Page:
ILWS - Charles Sturt University
ILWS - Charles Sturt University

Optimising acoustic monitoring for frogs in the Koondrook-Perricoota (2018)


Forestry Corporation of NSW, $29,623


Dr Amelia Walcott, Dr Andrew Hall, Associate Professor Skye Wassens & Associate Professor Dale Nimmo

Research Theme(s)

Environmental Water


Environmental water has been strategically delivered to the Koondrook-Perricoota Forest, an ecologically and culturally significant ecosystem in the Murray River, to improve and sustain wetland health. Gaining insight into how water-dependent communities respond to flow management is critical to making evidence-based natural resource management decisions.

Assessment of calling activity by frogs can yield useful information on both long term changes in species richness, as well as annual variability in community composition, species richness and breeding activity in relation to wetland inundation and environmental watering. A cost and time effective way of monitoring frog calling activity over long and continuous time frames is to use automated audio recording units.

However very large datasets can quickly accumulate and the subsequent data extraction process is complex. For large audio datasets, automated audio recognition is the most feasible method but this method requires significant time and expertise to produce accurate and meaningful insight. There are a number of technical challenges and ecological knowledge gaps that need to be addressed before automated audio datasets can be considered to produce consistent, reliable data suitable for the evaluation of the responses to environmental watering events.

NSW Forestry Corporation has collected a large audio dataset (since mid 2015 daily five minute recordings from 20 sites within the Koondrook-Perricoota Forest) with the objective to monitor frog call responses to the delivery/management of flow regimes. Manual extraction of a small subset of the audio dataset has previously been undertaken but ceased due to the excessive time restraints of this data extraction method.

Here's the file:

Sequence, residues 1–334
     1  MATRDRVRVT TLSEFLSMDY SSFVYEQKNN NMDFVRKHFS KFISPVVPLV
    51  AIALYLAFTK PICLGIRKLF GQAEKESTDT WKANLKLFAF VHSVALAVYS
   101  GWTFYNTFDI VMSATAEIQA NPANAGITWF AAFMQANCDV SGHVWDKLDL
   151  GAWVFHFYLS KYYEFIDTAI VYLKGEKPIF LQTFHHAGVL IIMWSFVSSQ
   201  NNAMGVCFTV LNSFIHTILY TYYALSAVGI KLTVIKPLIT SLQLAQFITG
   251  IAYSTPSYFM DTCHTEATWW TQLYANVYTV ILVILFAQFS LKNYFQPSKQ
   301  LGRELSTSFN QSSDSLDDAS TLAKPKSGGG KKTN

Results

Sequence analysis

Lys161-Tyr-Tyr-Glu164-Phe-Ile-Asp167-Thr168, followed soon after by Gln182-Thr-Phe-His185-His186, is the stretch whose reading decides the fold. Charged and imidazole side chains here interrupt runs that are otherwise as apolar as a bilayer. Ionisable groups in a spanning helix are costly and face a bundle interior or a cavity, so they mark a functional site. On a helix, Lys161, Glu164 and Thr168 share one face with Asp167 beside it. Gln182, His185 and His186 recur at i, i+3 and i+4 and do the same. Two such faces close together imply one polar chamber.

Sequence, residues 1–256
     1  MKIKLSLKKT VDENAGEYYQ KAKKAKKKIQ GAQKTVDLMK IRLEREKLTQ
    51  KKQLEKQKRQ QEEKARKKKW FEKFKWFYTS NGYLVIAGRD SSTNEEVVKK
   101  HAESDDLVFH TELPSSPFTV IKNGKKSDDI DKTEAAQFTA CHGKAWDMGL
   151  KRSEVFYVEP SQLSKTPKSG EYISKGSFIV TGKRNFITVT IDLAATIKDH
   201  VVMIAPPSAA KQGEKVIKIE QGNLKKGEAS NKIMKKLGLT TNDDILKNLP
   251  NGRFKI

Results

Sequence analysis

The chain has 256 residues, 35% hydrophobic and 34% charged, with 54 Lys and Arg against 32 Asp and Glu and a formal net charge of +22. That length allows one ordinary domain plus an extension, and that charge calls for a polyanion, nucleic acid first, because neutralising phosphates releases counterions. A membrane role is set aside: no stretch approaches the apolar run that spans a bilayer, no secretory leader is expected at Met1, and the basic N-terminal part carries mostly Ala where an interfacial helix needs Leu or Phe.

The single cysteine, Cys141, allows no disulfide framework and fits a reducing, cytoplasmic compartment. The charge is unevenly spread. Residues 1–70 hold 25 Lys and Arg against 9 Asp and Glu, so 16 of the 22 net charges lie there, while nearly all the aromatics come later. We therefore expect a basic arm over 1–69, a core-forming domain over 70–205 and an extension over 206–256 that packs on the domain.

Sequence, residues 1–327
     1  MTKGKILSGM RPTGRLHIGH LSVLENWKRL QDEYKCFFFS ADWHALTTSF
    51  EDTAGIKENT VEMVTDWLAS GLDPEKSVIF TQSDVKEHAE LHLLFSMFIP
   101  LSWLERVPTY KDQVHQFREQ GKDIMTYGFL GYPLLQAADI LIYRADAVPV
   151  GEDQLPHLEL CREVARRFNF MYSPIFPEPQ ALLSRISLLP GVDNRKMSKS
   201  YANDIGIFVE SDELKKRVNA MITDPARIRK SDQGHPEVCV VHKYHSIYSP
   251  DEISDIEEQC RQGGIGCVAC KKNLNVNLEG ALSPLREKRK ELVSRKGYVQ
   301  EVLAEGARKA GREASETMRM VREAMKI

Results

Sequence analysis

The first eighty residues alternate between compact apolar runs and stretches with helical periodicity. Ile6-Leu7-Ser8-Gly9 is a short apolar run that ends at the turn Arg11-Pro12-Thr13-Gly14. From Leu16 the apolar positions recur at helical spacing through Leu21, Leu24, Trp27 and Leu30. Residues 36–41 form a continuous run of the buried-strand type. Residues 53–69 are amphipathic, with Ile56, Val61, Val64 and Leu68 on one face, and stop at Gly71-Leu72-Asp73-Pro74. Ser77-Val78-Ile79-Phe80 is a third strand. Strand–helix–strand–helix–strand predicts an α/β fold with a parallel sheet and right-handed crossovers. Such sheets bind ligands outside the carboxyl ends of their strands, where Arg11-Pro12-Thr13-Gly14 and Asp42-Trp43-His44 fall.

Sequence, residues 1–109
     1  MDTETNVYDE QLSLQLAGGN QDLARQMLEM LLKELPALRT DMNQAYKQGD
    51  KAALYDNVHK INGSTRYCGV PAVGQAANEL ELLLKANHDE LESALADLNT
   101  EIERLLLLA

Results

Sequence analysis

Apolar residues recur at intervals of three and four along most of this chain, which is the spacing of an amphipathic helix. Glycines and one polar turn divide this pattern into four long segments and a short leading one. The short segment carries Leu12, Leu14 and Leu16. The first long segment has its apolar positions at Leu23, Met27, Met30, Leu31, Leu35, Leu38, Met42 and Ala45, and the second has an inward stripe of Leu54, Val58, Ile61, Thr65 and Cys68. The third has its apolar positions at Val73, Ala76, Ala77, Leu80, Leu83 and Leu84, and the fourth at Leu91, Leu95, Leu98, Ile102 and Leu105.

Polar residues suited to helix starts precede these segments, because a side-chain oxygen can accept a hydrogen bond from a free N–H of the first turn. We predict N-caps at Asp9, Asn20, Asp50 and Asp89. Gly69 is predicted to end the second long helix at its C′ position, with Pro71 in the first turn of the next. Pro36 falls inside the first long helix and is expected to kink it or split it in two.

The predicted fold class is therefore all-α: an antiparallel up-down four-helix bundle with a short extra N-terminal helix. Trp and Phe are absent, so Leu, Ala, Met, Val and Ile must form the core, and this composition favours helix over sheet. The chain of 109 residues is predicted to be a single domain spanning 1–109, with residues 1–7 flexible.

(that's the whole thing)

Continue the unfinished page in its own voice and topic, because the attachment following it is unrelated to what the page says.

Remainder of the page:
The aim of this project is to gain a more comprehensive understanding of the dataset and improve the efficiency of the audio monitoring design. Its objectives are to:

  • Develop species specific call recognition models
  • Use the species call models to scan the entire dataset and extract data on a site by site basis
  • Validate the extracted dataset
  • Compare the manually extracted dataset with the automated recognition dataset
  • Evaluate detection probability for each of the resident frog species given the current recording regime and develop statistical models to test probabilities under alternate  modelling designs
  • Provide recommendations on monitoring design to optimise sampling effort


The knowledge gained from this project is expected to be used for a more robust assessment of the relationship between frog calling activity and water management.


Dr Amelia Walcott email

CSU Albury-Wodonga

May 2018